Broadband fuelling software piracy

18 Mar 2004

The rapid growth of broadband in Europe is likely to drive up the rate of software piracy in Europe, a leading anti-piracy expert has warned.

The expert, who wished to remain anonymous for security reasons, is employed as an internet investigator by the Business Software Alliance, a watchdog group representing the world’s leading software firms. He said that the advent of low-cost broadband in countries like the UK, France and now Ireland was bringing with it an increase in illicit file-sharing and downloading activity.

“It’s an ever-growing problem,” he noted. “When Ireland goes broadband we’re going to see a massive jump in the problem.”

For the past few years, the rate of software piracy has dropped dramatically in most developing countries. In 1996, when the BSA began its anti-piracy drive, Ireland’s piracy rate was around 70pc. It’s now 42pc – which is still above the European average of 35pc – but the downward trend looks like being reversed both here and elsewhere in Europe.

“In France and the UK, we’ve seen an increase in the number of computers being hijacked by malicious code such as Trojans and a big jump in the number of software piracy cases being identified,” said the investigator.

He added that although it was not yet possible to quantify the increase, there was an unmistakable trend. “We’ll continue to see a rise in illicit activities.”

He was speaking at the launch in Dublin by the BSA of an online educational resource about responsible internet use for students of Ireland’s post-primary schools. Called Netrespect, the material was developed in consultation with the National Centre for Technology in Education (NCTE). Netrespect will cover ethics, the value of creative works and the positive impact of copyright and the technology industry on Ireland’s economy.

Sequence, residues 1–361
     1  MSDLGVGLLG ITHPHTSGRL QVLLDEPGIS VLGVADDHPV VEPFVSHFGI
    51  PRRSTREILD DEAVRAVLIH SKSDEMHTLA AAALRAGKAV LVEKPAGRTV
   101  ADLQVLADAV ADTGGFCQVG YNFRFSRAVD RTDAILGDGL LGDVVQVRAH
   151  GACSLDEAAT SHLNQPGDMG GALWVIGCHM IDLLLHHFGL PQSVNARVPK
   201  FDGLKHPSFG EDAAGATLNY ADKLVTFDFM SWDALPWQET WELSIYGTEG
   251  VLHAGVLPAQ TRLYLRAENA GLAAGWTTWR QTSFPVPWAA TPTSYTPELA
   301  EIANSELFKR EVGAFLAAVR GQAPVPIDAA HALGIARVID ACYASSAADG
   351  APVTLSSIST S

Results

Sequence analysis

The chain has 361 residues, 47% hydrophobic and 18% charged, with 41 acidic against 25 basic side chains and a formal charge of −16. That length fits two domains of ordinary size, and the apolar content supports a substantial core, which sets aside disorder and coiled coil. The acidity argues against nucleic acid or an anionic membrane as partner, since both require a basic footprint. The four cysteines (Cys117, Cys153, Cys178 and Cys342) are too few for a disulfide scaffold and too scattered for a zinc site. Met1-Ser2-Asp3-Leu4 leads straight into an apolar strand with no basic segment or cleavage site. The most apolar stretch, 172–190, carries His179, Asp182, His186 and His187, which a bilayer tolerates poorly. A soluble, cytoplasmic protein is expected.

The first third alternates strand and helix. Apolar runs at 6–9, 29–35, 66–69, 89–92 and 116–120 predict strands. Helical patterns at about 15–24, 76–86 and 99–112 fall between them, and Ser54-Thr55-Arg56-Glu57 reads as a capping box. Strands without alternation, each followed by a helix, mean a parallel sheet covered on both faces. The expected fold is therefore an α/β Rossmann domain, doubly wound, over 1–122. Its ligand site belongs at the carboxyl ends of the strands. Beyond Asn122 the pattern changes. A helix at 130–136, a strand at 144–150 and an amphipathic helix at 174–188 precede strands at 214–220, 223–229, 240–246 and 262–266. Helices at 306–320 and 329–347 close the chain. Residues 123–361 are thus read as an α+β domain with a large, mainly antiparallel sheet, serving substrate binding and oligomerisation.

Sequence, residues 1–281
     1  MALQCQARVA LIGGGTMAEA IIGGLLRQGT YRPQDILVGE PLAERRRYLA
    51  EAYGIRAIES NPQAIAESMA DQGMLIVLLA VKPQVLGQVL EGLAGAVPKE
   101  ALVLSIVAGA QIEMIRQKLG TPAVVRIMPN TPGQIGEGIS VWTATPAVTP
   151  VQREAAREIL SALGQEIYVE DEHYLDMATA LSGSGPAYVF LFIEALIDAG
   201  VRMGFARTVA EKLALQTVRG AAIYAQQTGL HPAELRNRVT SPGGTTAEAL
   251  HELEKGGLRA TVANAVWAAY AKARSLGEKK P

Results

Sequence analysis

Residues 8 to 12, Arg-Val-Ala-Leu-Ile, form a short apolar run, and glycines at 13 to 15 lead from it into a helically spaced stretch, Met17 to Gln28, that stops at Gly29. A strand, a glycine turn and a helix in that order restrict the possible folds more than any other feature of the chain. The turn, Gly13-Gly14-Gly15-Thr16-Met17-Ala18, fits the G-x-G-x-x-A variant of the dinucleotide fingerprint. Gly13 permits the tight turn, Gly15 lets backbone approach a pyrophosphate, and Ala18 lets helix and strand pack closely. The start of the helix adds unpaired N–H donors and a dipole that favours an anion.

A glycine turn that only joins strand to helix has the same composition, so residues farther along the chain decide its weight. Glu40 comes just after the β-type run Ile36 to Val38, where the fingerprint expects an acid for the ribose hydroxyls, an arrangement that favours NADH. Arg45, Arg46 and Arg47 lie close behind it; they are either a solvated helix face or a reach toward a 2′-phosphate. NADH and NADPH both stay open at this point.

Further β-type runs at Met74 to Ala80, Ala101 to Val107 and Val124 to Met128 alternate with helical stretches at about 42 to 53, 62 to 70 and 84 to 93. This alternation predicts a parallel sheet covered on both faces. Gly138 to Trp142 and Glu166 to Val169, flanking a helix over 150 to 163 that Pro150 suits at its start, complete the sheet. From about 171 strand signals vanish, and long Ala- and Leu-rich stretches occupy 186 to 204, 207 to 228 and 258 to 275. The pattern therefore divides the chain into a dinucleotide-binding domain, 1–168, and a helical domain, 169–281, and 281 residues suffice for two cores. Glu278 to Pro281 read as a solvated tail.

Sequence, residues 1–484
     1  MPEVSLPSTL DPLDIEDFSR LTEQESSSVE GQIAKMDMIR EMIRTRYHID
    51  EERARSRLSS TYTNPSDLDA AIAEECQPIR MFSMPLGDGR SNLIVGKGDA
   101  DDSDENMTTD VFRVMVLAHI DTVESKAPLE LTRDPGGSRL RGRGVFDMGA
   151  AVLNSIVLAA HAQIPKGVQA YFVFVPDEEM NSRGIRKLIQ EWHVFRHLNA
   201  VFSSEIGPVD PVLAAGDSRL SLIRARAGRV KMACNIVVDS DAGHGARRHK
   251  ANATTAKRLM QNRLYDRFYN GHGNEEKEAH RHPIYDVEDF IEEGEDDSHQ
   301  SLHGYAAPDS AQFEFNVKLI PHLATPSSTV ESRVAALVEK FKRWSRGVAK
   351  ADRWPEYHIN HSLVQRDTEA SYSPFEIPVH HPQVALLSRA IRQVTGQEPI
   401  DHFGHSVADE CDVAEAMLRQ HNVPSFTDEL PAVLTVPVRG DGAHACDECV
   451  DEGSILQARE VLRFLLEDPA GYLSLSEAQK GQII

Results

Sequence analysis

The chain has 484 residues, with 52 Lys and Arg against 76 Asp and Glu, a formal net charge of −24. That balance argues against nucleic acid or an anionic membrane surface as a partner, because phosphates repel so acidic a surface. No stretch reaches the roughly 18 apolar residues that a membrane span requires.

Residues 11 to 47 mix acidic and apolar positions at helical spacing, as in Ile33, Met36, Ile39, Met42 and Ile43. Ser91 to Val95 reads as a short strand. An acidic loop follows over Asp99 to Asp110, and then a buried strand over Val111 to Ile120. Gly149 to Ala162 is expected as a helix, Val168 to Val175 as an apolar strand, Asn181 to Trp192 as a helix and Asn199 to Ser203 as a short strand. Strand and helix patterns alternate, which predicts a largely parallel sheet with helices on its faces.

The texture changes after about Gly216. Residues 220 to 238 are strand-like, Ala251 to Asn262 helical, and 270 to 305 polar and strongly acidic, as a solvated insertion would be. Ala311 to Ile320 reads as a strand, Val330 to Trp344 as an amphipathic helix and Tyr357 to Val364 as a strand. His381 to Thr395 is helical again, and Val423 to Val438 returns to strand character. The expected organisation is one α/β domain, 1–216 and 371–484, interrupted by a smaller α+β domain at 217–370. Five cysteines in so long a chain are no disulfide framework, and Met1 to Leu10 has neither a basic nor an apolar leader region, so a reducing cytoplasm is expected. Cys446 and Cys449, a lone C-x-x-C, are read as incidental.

The official launch of the programme – which has been piloted in some schools since last August – will be backed by a marketing and direct mail campaign aimed at encouraging teachers of civics and transition-year courses to introduce new ideas and ethics-based discussions in the classroom.

Speaking to at the launch, Shona Jago, communications manager, BSA EMEA said the materials were not going to be forced upon teachers and schools; rather the campaign was seen as a first step in a long-term effort to change the attitudes of computer users – particularly schoolgoers – towards illegal sharing and use of intellectual property.

“We have found that for a large number of companies education messages do work and we are definitely seeing an impact,” she said.

The campaign seems to represent something of a step-back from the aggressive enforcement policies that have been the hallmark of the BSA’s strategy to date. Jago said the focus now was firmly on “education, education, education” and that legal enforcement would employed as a tactic of last resort against persistent offenders and those organised crime elements that are being attracted by the big profits to be made in software piracy.

A particularly worrying development, she added, was the appearance of more and more hoax e-commerce websites purporting to sell big name software at knock down prices. Consumers are handing over credit card details, unaware that they buying from an unauthorised source and leaving themselves open to credit card fraud and viruses. As a result, the credibility of e-commerce as well as balance sheets of software firms were being hit.

By Brian Skelly